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News Archives: Index

October 7, 2010: Probation Set For Industrial Action

October 5, 2010: Turning Prisoners Into Taxpayers

October 4, 2010: Murder Changes Now In Force

September 20, 2010: Probation Programmes Face Cuts

August 24, 2010: Victorian Poor Law Records Online

August 10, 2010: Justice Job Cuts

July 28, 2010: Prison Violence Growing

July 22, 2010: Police Numbers: Latest Figures

July 22, 2010: New Jurisdiction Rules

July 16, 2010: CCJS On Prison And Probation Spending Under Labour

July 15, 2010: Latest Statistics On Violent And Sexual Crime

July 15, 2010: Latest National Crime Figures

July 15, 2010: New Chief Prisons Inspector

July 14, 2010: Hard Times Ahead For Prisons: Anne Owers

July 14, 2010: Prison Does Not Work: Ken Clarke

July 13, 2010: Criminal Justice Reform: Sentencing and Rehabilitation

July 13, 2010: Criminal Justice Reform Priorities

July 12, 2010: What Price Public Protection, Asks Probation Chief Inspector

July 12, 2010: NOMS has failed, says Napo

July 10, 2010: IPCC To Investigate Death of Raoul Moat

July 9, 2010: Women In Prison: New Report

July 9, 2009: Unjust Deserts: Imprisonment for Public Protection

July 8, 2010: Police Search Powers Change

July 7, 2010: Make 'Legal High' Illegal, Says ACMD

July 2, 2010: Failing Children In Prison

July 2, 2010: Police Buried Under a Blizzard of Guidance: HMIC

July 1, 2010: Freedom To Change The Law?

June 30, 2010: A New Outlook On Penal Reform?

June 30, 2010: Revolving Door Of Offending Must Stop, Says Clarke

June 30, 2010: Ken Clarke: Speech on Criminal Justice Reform

June 29, 2010: No More Police Targets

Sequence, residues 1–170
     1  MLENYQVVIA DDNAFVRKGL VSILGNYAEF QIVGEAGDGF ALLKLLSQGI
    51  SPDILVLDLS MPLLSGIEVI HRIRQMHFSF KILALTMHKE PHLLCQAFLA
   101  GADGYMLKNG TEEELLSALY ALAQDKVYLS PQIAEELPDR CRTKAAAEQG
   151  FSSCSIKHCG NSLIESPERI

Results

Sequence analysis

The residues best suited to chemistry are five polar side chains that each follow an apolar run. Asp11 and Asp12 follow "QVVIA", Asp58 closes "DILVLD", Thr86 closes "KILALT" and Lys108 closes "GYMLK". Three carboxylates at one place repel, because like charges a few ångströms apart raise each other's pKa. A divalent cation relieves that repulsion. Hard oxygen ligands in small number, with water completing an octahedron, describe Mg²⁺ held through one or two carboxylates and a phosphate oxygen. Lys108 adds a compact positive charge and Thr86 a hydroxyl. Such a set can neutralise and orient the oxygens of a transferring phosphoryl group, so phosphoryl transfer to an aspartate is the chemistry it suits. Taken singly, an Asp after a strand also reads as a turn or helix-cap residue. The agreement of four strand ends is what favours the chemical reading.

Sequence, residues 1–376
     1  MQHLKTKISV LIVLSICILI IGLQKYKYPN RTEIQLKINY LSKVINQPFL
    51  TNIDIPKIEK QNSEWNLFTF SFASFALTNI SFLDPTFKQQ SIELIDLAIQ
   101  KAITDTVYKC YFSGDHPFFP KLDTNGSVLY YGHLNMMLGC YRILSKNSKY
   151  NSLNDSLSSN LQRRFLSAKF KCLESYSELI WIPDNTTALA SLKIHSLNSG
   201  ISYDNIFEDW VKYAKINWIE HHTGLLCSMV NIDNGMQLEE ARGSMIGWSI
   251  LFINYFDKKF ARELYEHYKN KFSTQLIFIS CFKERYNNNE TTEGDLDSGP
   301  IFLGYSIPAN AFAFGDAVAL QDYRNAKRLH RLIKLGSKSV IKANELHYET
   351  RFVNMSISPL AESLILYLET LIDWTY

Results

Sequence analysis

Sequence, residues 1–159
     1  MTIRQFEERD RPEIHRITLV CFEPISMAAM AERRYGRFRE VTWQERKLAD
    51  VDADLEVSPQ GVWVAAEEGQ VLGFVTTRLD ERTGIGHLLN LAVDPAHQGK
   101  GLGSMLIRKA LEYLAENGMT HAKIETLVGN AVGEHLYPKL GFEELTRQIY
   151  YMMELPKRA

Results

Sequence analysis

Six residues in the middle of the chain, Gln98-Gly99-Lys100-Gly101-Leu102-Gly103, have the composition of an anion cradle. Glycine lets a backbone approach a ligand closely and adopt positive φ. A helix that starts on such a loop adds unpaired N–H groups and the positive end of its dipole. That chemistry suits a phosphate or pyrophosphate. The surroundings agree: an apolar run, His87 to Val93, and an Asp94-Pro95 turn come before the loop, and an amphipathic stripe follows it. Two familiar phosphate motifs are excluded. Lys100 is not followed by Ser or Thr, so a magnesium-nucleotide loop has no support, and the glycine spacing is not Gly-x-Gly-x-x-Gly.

June 26, 2010: Family Intervention Projects Questioned

June 25, 2010: Cutting Criminal Justice

June 24, 2010: Napo on Sex Offenders Report

June 23, 2010: Closing Courts: The Cuts Begin

June 23, 2010: Strategy To Tackle Gangs

June 15, 2010: Courts and Mentally Disordered Offenders

June 8, 2010: Working With Muslims in Prison

June 1, 2010: Your Chance To Nominate a QC

December 15, 2004: Disclosing Bad Character to Juries

Home Office Minister Baroness Scotland today announced implementation of the bad character provisions in the Criminal Justice Act 2003. These provisions give juries the opportunity to hear a wider range of relevant evidence in criminal trials.

Evidence of a defendant’s previous convictions and other misconduct will now be admissible in criminal trials provided it is relevant, will throw new light on the case, and is not likely to make the trial unfair. This reverses the current position, where evidence of a defendant’s bad character is generally not admitted in criminal proceedings. The provisions will cover all types of offences, and will apply to all cases in which charges are laid on or after 15 December.

The new provisions are part of the measures set out in the Criminal Justice Act 2003. Safeguards will exist to ensure fairness; in particular a court will retain the discretion to exclude evidence where it concludes the prejudicial effect on the jury would be greater than its probative value.

Baroness Scotland said:

“The law has recognised for over a century that evidence of a defendant’s previous convictions and other misconduct may be admitted in some circumstances. But the current rules are confusing and difficult to apply, and can mean that evidence of previous misconduct that seems clearly relevant is still excluded from court.

“Trials should be a search for the truth and juries should be trusted with all the relevant evidence available to help them to reach proper and fair decisions. Judges can exclude evidence of bad character if they think it would be unfair or not in the interests of justice to include it.

“The bad character provisions are a response to widespread public concern about the current state of the law in this area. The reforms will replace the complexity of current rules governing the admissibility of evidence of bad character with a coherent statutory scheme. They aim to strike a proper balance between ensuring on the one hand that magistrates and juries are able to take account of the widest range of relevant evidence when deciding cases, and on the other, that any convictions are made on a safe and solid basis of evidence.”